Oracle Unleashes RFID Middleware

Sensor-Based Services aim to help companies make the most of RFID data, drawing on the 10g database and application server to provide business-intelligence and integration tools.

To help companies better respond to data from sensor-based tools such as RFID (radio frequency identification) tags, Oracle Corp. on Tuesday announced its namesake Sensor-Based Services, which draw on capabilities of its 10g database and application server.

The 10g databases business-intelligence features provide embedded-location, network and trend-modeling capabilities for the new services, while analysis tools offer routing and predictive capabilities. The Application Server 10g provides integration tools to help companies import sensor-based information into their back-end systems.

Earlier this year, Oracle of Redwood Shores, Calif., announced that the next version of its Warehouse Management software will include RFID capabilities. While additional RFID-enabled E-Business Suite applications are expected soon, Tuesdays SBS initiative strikes more at the infrastructure level.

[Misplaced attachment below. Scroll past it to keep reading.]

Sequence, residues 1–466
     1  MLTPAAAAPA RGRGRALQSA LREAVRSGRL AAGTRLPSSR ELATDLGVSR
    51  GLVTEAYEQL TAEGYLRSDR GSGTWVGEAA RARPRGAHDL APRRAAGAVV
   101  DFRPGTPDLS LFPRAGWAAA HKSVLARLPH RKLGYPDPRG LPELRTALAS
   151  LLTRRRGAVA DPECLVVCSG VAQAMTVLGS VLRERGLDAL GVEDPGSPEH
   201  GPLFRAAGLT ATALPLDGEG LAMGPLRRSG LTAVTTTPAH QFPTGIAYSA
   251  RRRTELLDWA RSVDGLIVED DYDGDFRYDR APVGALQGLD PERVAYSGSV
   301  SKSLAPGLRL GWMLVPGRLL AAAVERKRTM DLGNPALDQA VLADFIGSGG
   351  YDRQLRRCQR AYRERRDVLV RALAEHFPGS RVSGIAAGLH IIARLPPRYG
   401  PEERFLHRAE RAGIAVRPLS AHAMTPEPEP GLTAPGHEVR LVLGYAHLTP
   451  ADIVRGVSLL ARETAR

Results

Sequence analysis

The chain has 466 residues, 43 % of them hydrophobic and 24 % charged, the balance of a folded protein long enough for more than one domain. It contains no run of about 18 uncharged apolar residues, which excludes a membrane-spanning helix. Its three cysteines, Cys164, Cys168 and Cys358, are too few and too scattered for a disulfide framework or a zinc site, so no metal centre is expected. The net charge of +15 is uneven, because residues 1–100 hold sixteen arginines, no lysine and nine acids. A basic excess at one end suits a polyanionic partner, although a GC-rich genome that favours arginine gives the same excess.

The next release of Oracle Application Server 10g, due this summer, for example, will offer out-of-the-box integration and device management for RFID readers. At the same time, new edge services within the companys 10g database help users capture and filter data from readers and sensors before its passed to a data store, officials said.

Further boosting its RFID strategy, Oracle on Tuesday announced its Compliance Assistance Package (CAP)—including prebuilt adapters to Wal-Mart, Target and Albertsons—which helps users develop compliance solutions and integrate them into their back-end systems, according to Jacob Christfort, vice president and chief technological officer of advanced technologies in Oracles Server Technology Division.

An RFID Pilot Kit, also released Tuesday, is geared toward helping companies prototype and test RFID initiatives. The kit comes with software tools for RFID readers, as well as reporting and business-intelligence capabilities.

"The key is that companies can start small and grow with the technology," Christfort said in Redwood Shores. "There are base-level reports built [into SBS], data warehousing and event-driven capabilities."

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